This year, wine sales have boomed in Britain as we all looked to treat ourselves during lockdown and perhaps expand our horizons on the occasions when we could eat out. Luckily, this season there is a bumper selection of books on wine, drinks in general and a particular boom in guides to pairings. Lisa Markwell pops a cork and turns the pages
This weighty tome promises “a chance to lift the veil on the dark art of sommeliers” and coming from the exclusive 67 Pall Mall, it certainly showcases serious knowledge. Co-author Ronan Sayburn describes in great depth everything about the world’s great wines (don’t come to the book looking for top tips for good buys below £10…) – from terroir to grapes varieties, characteristics of certain producers to classic and less expected pairings. Chef Marcus Verberne provides the recipes. You expect to read about steak matches, but there’s also the Australian Viognier that pairs like a dream with dukkah-encrusted cod with dried apricot falafel. A fancy book for fine wine completists.
£40, 67 Pall Mall
Hell, yeah. If there’s anything to lighten the mood as the darker months of dark 2020 descend, it’s this comprehensive guide to cocktails. As ever with Phaidon, this book is packed with information in a user-friendly, stylish format and author Adrienne Stillman starts with a thorough introduction to setting up your home bar – equipment, glasses, the spirits to have on hand and how to make great syrups and cordials. Once that’s done, allow your thirsty curiosity to stroll through a history- and geography-rich array of recipes for sours, refreshing, spirit forward, tiki and tropical, punches and finally coffee and dessert cocktails. Last man standing washes up the highball glasses…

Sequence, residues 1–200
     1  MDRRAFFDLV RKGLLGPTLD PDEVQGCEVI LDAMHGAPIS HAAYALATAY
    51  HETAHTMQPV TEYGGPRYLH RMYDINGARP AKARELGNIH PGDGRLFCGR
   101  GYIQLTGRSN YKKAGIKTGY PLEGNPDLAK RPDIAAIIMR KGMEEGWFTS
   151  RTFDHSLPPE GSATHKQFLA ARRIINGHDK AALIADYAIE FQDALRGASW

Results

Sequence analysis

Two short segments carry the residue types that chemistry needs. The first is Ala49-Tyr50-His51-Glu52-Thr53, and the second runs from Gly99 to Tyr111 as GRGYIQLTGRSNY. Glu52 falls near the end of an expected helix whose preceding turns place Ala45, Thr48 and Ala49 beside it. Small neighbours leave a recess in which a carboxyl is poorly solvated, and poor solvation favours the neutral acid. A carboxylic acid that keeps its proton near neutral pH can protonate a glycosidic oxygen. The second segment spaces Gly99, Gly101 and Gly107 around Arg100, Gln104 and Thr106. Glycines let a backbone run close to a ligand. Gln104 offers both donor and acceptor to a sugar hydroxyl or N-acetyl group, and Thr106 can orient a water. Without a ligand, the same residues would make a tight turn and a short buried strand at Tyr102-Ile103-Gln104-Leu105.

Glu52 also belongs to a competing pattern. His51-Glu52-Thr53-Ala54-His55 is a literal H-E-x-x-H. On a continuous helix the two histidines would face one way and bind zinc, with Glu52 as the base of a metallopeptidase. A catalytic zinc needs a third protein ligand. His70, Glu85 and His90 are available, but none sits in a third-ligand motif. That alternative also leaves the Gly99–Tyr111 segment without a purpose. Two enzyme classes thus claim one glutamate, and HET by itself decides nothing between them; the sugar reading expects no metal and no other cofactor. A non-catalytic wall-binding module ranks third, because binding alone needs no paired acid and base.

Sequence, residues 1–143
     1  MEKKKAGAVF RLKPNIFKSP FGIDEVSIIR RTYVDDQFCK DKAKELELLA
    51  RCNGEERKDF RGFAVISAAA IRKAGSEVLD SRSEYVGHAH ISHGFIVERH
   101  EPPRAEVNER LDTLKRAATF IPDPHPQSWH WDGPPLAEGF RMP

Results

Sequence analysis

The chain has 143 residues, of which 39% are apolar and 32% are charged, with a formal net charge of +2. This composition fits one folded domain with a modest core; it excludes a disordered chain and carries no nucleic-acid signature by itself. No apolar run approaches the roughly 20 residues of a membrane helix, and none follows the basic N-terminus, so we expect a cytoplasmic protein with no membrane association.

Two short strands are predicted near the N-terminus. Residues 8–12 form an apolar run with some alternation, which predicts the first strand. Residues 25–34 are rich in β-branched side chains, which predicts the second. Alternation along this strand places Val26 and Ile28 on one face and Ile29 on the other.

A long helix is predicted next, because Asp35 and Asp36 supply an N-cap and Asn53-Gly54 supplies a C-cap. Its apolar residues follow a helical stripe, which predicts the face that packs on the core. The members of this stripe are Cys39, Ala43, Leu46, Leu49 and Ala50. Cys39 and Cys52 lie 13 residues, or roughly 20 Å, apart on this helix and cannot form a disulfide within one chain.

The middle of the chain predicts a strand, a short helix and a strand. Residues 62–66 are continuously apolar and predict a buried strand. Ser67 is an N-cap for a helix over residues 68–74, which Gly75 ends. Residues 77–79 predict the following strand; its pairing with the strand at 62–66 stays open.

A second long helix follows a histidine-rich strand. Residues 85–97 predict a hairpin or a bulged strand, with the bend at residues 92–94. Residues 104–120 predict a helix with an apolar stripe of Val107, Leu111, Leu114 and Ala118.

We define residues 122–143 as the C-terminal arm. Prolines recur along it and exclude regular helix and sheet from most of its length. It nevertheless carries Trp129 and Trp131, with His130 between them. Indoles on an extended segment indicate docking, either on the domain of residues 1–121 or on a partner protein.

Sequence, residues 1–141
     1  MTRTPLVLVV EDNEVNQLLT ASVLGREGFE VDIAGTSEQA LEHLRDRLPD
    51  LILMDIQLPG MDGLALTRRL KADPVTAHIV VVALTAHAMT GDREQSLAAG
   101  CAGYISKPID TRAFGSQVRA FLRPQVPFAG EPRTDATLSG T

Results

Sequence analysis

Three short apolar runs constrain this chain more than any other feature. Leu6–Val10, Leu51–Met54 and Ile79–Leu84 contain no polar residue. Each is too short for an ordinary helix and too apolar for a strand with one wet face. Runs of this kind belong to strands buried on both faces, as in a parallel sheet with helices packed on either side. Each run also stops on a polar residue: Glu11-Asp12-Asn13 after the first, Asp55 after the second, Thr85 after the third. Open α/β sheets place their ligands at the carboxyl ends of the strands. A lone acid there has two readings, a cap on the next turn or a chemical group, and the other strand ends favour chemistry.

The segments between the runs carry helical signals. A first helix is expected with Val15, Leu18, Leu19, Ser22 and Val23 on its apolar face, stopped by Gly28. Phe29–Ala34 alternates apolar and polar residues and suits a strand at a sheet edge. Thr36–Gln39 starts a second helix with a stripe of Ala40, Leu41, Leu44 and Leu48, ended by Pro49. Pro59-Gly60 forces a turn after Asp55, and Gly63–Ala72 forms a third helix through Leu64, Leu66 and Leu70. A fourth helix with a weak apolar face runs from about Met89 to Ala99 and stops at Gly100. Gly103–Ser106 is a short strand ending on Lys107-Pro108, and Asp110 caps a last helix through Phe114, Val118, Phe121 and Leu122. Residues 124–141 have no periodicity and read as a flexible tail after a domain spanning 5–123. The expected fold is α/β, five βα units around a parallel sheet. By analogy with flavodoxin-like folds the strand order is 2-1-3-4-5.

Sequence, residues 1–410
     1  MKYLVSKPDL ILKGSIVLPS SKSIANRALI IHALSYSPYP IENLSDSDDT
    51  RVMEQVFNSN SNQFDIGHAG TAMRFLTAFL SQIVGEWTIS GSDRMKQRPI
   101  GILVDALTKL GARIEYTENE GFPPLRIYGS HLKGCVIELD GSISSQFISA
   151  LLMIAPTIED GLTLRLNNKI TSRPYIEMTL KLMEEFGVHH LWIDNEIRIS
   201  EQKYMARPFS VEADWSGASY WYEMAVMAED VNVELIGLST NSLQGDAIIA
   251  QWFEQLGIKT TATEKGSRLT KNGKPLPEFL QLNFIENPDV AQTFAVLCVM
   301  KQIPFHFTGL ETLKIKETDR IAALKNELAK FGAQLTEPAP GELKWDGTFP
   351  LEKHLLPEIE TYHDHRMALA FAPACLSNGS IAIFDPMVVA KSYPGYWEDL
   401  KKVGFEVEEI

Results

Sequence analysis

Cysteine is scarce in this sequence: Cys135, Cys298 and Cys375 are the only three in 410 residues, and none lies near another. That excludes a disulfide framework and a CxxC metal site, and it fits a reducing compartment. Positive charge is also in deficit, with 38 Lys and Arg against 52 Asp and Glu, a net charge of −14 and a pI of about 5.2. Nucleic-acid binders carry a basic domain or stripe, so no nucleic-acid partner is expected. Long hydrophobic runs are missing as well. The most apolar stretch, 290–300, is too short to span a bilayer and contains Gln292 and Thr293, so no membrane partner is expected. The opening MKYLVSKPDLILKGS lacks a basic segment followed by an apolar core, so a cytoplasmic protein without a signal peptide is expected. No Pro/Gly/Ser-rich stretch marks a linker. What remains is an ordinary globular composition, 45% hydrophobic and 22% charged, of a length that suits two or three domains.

It’s been out for a while, but this little book deserves a re-up for its very clever format that allows you to browse pairings from popcorn to pork chops, ramen to risotto and all points in between. Bert Blaize, who has form as a sommelier at many London restaurants and is now keeping a beady eye on new opening Birch, gives his wine expertise while Claire Strickett understands food and how our appetites work. This is a brilliant book for all occasions and budgets.
This is a ‘does what it says on the label’ book but none the worse for being straightforward and helpful. Raul Diaz writes and lectures on wine (you might have seen him on TV’s Sunday Brunch) and although by his own admission is not a professional chef, he’s put together simple recipes which pair well with wines accessible to all. This would be a good Christmas present for an entry-level wine fan who wants to get beyond Malbec and Bolognese.
I’m sure they worked damned hard, but life for Noble Rot’s founders Dan Keeling and Mark Andrew sure looks like fun. In this, their first book, they take a deep dive into the bottom of many and varied wine bottles. The Rotter’s road trip takes in all the grooviest producers in Europe and there are recipes for some of the desirable dishes on offer at their Lambs Conduit Street restaurant (Soho has only just opened). It’s as much a curl-up-and-read book as a kitchen guide, however with stellar contributors. Mind-expandingly good writing and eye-popping visuals make this a real treat not just for wannabe oenophiles but everyone really. One of my books of the year.
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